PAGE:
Stir together the corn, peas tomatoes, garlic, hot peppers, onion and parsley in a medium bowl; cover. Refrigerate at least 8 hours.

To serve, whisk together the lemon juice, oil, vinegar salt and peppper. Toss. Cover; refrigerate at least 8 hours. Makes 8 1/2 cups.


January 6, 2010arugula

When is the last time you rated an airport lunch as among the best meals you’ve eaten all year?

I did less than 24 hours ago. And, no, I’m not only counting the first week in January for this “best of the year” evaluation, I’m including the previous 365 days of lunches.

Yesterday, in Sacramento International Airport Concourse A, I tossed together wild arugula leaves, halved cocktail tomatoes and 1/4 pound of Northern California Bay shrimp (all purchased from the Trader Joe’s near my hotel) in a food storage bag  from my stash of half a dozen empty, resealable bags I always carry while traveling.

To this I added minced portions of Spanish chorizo (about 70 calories worth) from the cured sausage roll I also tend to keep in my travel tote.

Using red wine vinegar (purchased as a 39 cent side order) from the  airport food court with two packages of Dijon mustard and a douse of extra-virgin olive oil, I whisked together a very tart vinaigrette in a plastic cup offered from the same vendor who gave me the mustard packages.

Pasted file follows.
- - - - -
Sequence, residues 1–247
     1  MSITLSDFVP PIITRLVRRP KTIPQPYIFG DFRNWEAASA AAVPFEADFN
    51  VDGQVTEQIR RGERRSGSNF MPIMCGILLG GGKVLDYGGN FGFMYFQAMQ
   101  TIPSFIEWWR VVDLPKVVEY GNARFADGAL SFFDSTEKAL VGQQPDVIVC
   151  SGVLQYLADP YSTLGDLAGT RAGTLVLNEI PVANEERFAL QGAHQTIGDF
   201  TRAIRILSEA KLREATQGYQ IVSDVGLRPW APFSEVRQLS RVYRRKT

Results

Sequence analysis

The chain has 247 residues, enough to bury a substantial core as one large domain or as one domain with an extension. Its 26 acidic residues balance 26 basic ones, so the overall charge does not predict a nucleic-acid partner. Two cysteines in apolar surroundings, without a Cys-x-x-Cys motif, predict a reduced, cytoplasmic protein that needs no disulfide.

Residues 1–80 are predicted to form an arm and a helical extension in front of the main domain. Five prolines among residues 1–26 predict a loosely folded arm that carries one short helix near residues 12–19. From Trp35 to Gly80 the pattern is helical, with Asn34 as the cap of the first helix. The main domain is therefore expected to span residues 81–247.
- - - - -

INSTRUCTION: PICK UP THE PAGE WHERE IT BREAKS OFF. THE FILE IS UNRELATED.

I poured the vinaigrette into the resealable bag and dressed the arugula mixture by turning and shaking to coat every leaf.

In the blink of a gate change announcement, my salad came together in full public view drawing envious glances from nearby observers, many of whom were  munching on fast food.

The only glare came from the guy next to me wearing polished Prada loafers. (I noticed the Pradas after his glare prompted my search  for wayward vinaigrette drops….they were spotless.)

He put down his pre-assembled sandwich package marked with an expiration date and whispered in my ear.

“I can’t believe you just did that,” he said. “Is there any chance you could shake one of those up for me?”

To raoast asparagus: Heat oven to 425 degrees. Place tips (snapped at the natural breaking point) in a single layer on a lightly oiled baking pan until crisp and bronzed at the tips, about 18 to 22 minutes.

To raoast asparagus: Heat oven to 425 degrees. Place tips (snapped at the natural breaking point) in a single layer on a lightly oiled baking pan until crisp and bronzed at the tips, about 18 to 22 minutes.